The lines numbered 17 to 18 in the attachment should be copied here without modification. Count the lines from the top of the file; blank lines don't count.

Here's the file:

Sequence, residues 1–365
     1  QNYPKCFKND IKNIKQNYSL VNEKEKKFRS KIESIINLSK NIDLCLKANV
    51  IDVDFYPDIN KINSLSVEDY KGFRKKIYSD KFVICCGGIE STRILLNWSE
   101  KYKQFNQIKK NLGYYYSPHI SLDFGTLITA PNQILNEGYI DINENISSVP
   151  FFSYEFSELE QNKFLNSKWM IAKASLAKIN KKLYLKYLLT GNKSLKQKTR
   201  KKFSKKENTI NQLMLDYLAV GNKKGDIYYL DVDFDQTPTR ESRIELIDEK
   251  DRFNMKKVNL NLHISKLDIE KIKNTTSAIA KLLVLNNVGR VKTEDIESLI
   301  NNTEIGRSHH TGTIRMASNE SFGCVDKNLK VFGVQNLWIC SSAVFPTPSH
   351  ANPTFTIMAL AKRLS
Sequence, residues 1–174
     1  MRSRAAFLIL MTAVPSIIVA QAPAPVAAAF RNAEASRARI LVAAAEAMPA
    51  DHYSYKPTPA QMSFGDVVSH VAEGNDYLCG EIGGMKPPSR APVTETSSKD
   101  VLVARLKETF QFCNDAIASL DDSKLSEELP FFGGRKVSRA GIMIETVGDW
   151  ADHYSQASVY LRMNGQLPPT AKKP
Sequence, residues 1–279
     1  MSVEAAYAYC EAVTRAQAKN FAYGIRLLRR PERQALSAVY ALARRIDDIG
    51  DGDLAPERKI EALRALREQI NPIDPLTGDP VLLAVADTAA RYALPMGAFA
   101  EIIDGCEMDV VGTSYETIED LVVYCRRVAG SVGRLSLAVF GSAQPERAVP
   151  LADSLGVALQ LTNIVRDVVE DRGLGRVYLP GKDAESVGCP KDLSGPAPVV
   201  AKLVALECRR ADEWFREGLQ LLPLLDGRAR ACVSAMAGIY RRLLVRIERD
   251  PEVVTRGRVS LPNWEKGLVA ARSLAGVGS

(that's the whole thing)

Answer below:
    51  DGDLAPERKI EALRALREQI NPIDPLTGDP VLLAVADTAA RYALPMGAFA
   101  EIIDGCEMDV VGTSYETIED LVVYCRRVAG SVGRLSLAVF GSAQPERAVP